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Starfish Make Comeback After Mysterious Melting Disease

Animals
Ochre sea stars D. Gordon E. Robertson / CC BY-SA 3.0

Starfish appear to be making a stunning comeback in the West Coast after a mysterious "melting" disease decimated their numbers five years ago.

The invertebrates that survived the die-off developed a genetic resistance protecting them from the pathogen, a new study published in the Proceedings of the National Academy of Sciences has found.


The disease that plagued them, also known as sea star wasting syndrome, featured grisly symptoms where the sea stars would lose legs, disintegrate and ultimately die. The outbreak was first discovered in 2013 and eventually caused the death of millions of sea stars in the West Coast.

The species most heavily affected by the disease was the Pisaster ochraceus, or ochre star. More than 80 percent fell victim to the pathogen. As a "keystone" predator, its loss could have disrupted the entire marine intertidal ecosystem.

The leg of this purple ochre sea star in Oregon is disintegrating, as it dies from sea star wasting syndrome. Photo taken in May 2014Elizabeth Cerny-Chipman/ Oregon State University / Flickr / CC BY-SA 2.0

But the new study revealed a 74-fold increase since 2013 in the number of surviving offspring of the ochre star, the San Francisco Chronicle reported.

The researchers compared the DNA of ochre stars before and after the outbreak and found that the juveniles thriving today have developed a gene that resists the virus.

"This revealed consistent changes between the original population and survivors, between the original population and new juveniles, and across geographic locations," Lauren Schiebelhut, a University of California, Merced biologist and lead author of the study, told the Chronicle. "Subsequent generations will be the progeny of survivors and so we expect the genetic shift to be maintained."

The cause of sea star wasting syndrome is still not known, but previous studies have linked the sea stars' risk of becoming infected with the disease due to warmer ocean temperatures. Notably, the current study brings hope that some marine species could quickly evolve resilience to the effects of climate change.

The starfish that survived the epidemic are living examples of natural selection in process, as Michael Dawson, a UC Merced professor and co-author of the study, explained to the Chronicle.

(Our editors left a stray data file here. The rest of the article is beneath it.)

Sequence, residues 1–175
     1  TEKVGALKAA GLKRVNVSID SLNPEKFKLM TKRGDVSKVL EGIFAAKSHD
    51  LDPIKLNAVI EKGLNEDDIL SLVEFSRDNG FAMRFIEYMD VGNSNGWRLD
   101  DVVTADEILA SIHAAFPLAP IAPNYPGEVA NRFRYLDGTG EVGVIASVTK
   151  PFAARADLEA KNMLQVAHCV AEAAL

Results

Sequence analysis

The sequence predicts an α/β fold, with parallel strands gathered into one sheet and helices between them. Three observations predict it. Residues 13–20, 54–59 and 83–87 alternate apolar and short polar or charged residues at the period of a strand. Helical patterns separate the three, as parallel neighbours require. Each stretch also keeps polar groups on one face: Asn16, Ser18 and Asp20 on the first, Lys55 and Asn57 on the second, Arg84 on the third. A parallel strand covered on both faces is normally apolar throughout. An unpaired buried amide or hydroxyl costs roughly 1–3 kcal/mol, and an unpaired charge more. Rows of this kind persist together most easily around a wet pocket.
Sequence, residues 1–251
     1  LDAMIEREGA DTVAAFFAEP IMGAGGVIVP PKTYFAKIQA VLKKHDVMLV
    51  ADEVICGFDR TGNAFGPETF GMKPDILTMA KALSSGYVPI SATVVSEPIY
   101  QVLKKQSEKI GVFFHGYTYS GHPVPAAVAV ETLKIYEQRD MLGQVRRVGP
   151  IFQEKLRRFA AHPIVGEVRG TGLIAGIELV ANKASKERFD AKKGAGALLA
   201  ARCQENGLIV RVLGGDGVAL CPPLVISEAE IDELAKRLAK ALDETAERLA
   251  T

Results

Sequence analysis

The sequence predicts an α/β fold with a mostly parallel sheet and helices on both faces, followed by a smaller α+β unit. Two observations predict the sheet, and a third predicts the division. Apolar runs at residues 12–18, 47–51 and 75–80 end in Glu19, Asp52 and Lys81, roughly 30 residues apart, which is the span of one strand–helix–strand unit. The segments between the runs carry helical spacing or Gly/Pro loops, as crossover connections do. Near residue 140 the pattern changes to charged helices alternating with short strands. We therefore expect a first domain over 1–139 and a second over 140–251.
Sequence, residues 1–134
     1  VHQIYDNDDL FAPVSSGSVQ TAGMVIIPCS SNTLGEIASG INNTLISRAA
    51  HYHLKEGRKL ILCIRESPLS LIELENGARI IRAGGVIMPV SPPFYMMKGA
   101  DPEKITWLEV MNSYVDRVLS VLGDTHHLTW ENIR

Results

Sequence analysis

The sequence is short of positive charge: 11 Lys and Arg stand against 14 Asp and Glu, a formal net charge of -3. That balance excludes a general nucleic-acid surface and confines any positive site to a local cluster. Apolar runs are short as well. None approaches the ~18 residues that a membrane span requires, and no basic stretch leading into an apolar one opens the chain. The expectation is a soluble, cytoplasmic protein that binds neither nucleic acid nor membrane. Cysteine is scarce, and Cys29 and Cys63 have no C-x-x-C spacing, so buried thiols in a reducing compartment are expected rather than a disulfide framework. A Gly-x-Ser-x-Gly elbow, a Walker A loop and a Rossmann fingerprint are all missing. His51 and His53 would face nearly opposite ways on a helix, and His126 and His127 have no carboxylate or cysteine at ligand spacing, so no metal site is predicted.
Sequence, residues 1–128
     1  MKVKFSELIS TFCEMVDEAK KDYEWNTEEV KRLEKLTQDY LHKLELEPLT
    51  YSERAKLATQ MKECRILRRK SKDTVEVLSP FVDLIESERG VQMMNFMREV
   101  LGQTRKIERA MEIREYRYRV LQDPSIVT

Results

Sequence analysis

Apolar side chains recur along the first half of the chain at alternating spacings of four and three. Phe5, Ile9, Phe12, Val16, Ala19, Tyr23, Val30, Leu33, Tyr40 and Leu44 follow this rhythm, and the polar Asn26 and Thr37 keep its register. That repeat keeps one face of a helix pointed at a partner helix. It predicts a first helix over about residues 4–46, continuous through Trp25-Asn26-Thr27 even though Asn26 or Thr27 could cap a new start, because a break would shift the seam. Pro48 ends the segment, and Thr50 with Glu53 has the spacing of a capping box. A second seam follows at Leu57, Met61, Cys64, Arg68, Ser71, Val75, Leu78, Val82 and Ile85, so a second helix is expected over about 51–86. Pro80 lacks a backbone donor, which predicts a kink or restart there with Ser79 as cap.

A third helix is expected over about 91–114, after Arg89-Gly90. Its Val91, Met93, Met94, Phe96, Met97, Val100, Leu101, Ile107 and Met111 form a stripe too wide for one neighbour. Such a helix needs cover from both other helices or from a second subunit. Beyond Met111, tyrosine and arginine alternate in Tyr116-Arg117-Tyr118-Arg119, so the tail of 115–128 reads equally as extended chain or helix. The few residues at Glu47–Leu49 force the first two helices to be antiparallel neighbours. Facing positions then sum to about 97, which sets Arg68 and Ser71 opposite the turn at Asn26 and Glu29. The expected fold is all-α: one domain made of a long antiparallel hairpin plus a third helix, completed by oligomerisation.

"That ochre sea stars had the capacity to adapt to events as dramatic as this is remarkable, and perhaps re-assuring that future climate change may be withstood by some species," Dawson added. "But the ochre sea star is perhaps a species with greater resilience than many, and with projected climate swings expected to be more extreme, the ochre sea star's resilience is perhaps a small, distant bright light on a pretty stormy sea."

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Dr. Siders pointed out that it has happened before. She noted that in the 1970s, the small town of Soldiers Grove, Wisconsin moved itself out of the flood plain after one too many floods. The community found and reoriented the business district to take advantage of highway traffic and powered it entirely with solar energy, as the New York Times reported.

That's an important lesson now that rising sea levels pose a catastrophic risk around the world. Nearly 75 percent of the world's cities are along shorelines. In the U.S. alone coastline communities make up nearly 40 percent of the population— more than 123 million people, which is why Siders and her research team are so forthright about the urgency and the complexities of their findings, according to Harvard Magazine.

Some of those complexities include, coordinating moves across city, state or even international lines; cultural and social considerations like the importance of burial grounds or ancestral lands; reparations for losses or damage to historic practices; long-term social and psychological consequences; financial incentives that often contradict environmental imperatives; and the critical importance of managing retreat in a way that protects vulnerable and poor populations and that doesn't exacerbate past injustices, as Harvard Magazine reported.

If communities could practice strategic retreats, the study says, doing so would not only reduce the need for people to choose among bad options, but also improve their circumstances.

"It's a lot to think about," said Siders to Harvard Magazine. "And there are going to be hard choices. It will hurt—I mean, we have to get from here to some new future state, and that transition is going to be hard.…But the longer we put off making these decisions, the worse it will get, and the harder the decisions will become."

To help the transition, the paper recommends improved access to climate-hazard maps so communities can make informed choices about risk. And, the maps need to be improved and updated regularly, the paper said as the New York Times reported.


"It's not that everywhere should retreat," said Dr. Siders to the New York Times. "It's that retreat should be an option. It should be a real viable option on the table that some places will need to use."

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